This is where I spent 22 years of my spare time in the past. At Early American Wings I worked with my dad Ed Potter when he was not traveling the world in developing airplanes for the airlines. Before I put together the Skin Care Website If you are looking for someone that can organize a large projects. That I Can Do...
Staying on top of a project can be a bit of a climb. Here I'm working on a W670 major overhaul. For Stearman N46592
Just got this great e-mail......
David Brown wrote:
Wayne - just wondering if you are the same guy who rebuilt the Stearman that I own. Would have been in 1989, N46592.
Wayne Potter wrote:
After 25 years if she is still flying great I'm the one that rebuilt her. If things are not going well......what is a Stearman?
Just kidding...I'm the guy that rebuilt her. Last I knew she was in Virginia flying in a show on weekends.
Yes, still flying great! If you send me your email again I can send you some photos. I am still flying airshows. Also flew it to IL to the National Stearman Fly In for the last 3 years and I won the aerobatic contest. Every one of my friends who has flown it has said it was one of the best they have flown. Love it.
More pictures to come!
Back in 1998 I bought a Stearman project and brought it home from Long Island to Pittsburgh...
For the next two years and over 2200hrs of work with my dad Ed, brother Kevin and I (sitting on the engine) restored the Stearman.
Back then I would never would've imagined it would still be flying 29 years later...
And I love the part of the video where Dave Brown (owner) says he's taking care of it and will pass it on to someone else to fly and take care of...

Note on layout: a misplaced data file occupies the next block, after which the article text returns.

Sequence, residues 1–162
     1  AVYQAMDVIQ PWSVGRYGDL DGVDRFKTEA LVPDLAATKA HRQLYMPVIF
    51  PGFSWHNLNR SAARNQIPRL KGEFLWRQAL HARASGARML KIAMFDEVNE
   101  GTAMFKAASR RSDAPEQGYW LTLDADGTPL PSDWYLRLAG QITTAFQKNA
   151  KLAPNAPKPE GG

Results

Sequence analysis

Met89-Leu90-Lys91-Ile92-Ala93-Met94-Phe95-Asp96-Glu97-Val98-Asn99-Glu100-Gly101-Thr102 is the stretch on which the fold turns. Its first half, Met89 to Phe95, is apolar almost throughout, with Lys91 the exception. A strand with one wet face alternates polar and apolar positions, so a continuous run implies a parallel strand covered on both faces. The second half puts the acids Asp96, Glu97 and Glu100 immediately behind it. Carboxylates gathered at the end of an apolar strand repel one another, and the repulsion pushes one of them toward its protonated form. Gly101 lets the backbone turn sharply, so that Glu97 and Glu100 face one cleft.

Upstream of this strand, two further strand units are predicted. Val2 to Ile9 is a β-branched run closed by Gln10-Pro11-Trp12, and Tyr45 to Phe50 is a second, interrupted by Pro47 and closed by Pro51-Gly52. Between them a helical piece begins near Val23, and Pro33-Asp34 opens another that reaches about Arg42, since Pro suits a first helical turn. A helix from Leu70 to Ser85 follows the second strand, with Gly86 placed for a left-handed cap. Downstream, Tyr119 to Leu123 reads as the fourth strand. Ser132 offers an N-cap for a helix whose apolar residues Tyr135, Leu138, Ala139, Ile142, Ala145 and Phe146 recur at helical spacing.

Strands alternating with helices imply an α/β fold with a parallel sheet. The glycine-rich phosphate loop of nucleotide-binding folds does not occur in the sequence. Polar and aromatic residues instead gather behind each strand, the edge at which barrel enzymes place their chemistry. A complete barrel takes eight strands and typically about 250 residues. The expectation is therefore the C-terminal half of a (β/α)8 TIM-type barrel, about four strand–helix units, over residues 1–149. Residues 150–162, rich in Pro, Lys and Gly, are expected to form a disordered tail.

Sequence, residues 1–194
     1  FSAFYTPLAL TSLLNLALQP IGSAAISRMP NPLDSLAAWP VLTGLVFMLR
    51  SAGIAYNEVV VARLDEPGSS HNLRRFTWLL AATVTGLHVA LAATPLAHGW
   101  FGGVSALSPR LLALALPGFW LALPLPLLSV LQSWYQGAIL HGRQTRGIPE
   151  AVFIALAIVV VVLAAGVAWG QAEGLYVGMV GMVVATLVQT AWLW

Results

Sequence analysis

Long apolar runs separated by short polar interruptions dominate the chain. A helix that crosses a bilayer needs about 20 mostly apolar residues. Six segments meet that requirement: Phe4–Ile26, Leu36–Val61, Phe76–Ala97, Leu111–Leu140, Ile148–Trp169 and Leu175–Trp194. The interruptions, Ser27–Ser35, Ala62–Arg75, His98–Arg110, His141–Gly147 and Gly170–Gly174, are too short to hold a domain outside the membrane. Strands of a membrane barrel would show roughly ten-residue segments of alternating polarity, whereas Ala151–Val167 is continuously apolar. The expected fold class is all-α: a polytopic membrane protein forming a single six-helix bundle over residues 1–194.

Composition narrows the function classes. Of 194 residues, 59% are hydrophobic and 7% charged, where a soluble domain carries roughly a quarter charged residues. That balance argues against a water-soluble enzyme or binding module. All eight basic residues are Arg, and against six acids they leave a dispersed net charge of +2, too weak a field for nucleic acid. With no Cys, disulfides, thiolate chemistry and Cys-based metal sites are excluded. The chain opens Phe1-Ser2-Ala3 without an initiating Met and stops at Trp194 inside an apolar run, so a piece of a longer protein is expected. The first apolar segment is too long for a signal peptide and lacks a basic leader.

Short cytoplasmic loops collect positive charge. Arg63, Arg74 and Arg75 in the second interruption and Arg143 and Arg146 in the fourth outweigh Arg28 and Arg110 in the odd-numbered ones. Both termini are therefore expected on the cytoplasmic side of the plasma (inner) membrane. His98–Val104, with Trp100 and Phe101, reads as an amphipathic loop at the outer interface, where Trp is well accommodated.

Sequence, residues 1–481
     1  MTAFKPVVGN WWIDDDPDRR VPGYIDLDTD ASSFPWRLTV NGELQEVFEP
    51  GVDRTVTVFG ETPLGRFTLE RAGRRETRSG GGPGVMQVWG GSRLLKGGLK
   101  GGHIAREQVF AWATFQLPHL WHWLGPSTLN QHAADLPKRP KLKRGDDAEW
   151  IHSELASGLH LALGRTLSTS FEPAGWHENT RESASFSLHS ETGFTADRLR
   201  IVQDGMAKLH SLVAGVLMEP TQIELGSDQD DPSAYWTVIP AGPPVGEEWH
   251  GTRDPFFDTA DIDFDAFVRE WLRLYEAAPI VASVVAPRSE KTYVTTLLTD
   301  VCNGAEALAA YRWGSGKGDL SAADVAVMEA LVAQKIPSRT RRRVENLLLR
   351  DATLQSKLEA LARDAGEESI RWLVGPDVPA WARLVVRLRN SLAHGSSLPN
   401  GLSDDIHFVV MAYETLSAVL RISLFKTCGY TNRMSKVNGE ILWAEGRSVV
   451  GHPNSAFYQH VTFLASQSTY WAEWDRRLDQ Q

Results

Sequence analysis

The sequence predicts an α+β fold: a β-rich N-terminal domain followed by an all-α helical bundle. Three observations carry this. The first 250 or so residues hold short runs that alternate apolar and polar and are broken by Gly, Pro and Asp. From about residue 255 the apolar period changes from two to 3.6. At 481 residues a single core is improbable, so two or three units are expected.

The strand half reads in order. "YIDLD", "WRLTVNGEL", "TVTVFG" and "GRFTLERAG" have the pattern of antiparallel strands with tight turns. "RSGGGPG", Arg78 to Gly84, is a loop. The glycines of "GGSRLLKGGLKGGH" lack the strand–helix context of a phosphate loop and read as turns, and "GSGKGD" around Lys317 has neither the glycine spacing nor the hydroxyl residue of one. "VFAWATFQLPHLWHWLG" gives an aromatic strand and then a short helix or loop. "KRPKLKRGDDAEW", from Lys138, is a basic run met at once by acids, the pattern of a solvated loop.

An Air Force Reserve First Sergeant from Joint Base Andrews and a 96 year old World War II veteran start a friendship centered around a 70 year old biplane. These two Airmen share their stories about how this aircraft shaped their merging destinies. (Video // Pete Ising)
This was my first airplane a STINSON VOYAGER 108-1
No. 1, Wayne Potter and Piper Cub - Piper J3 Cub rebuilt by Wayne Potter's Early American Wings.
The following pictures are examples of Wayne's work.
No. 2, Wayne Potter's award winning Stearman.
Coveted Kedet Award
For excellence in authentic restoration at the National Stearman Fly-in Galesburg. 1998. photo by Lou Hinds
No. 3, Two Stearmans rebuilt by Wayne Potter in the shops of Early American Wings
The Blue and yellow Stearman took the WWll Military Trainer/ Liaison Runner up award. 1941 Stearman A75N1 N61467
No. 4, Ranger-powered Fairchild 24 that Wayne Potter restored.
Nice comments from the Finleyville Airport when I moved in. This is where I restored the Moth Minor.
With his 22 years of antique airplane restoration, Wayne Potter can recreate past craftsmanship with modern materials for an airplane's needs. His list of completed airplanes includes: J3 Cub, Stinson Voyager, Fairchild 24, three Stearmans, and a DeHavilland Moth Minor. These airplanes have won awards at Oshkosh and the National Stearman Fly-In, or have been put into museums. At this time, work on a Fairchild 24 is in progress. This airplane is the first airplane that was owned by Mohawk Airlines.
Investments in memories or finances are secure in Wayne's shop. He works on the basis of time and materials. Each month, he provides a day-to-day account of work done, along with photos of the progress.
Early American Wings will be moving into a new hangar this Spring with open shop time.
With a team of 5 craftsmen working on a project, the downtime is kept within reason.
Detailed daily work sheets are kept along with photos of the progress. We are willing to do a project from the start or pick up where someone has left off. Or if you need help in getting your own project done, we can do any part that will help you along.
So...if your airplane comes from the 1930s or 1940s era and is one of the many left or the last one to be flying, Wayne would enjoy talking about your project needs.
No. 5, DeHavilland Moth Minor, shown damaged, was restored by Early American wings after a forced landing that caused considerable damage.
To see pictures of the Moth Minor restoration progress and the completed airplane, click on MOTH PICTURES.
By Wayne Potter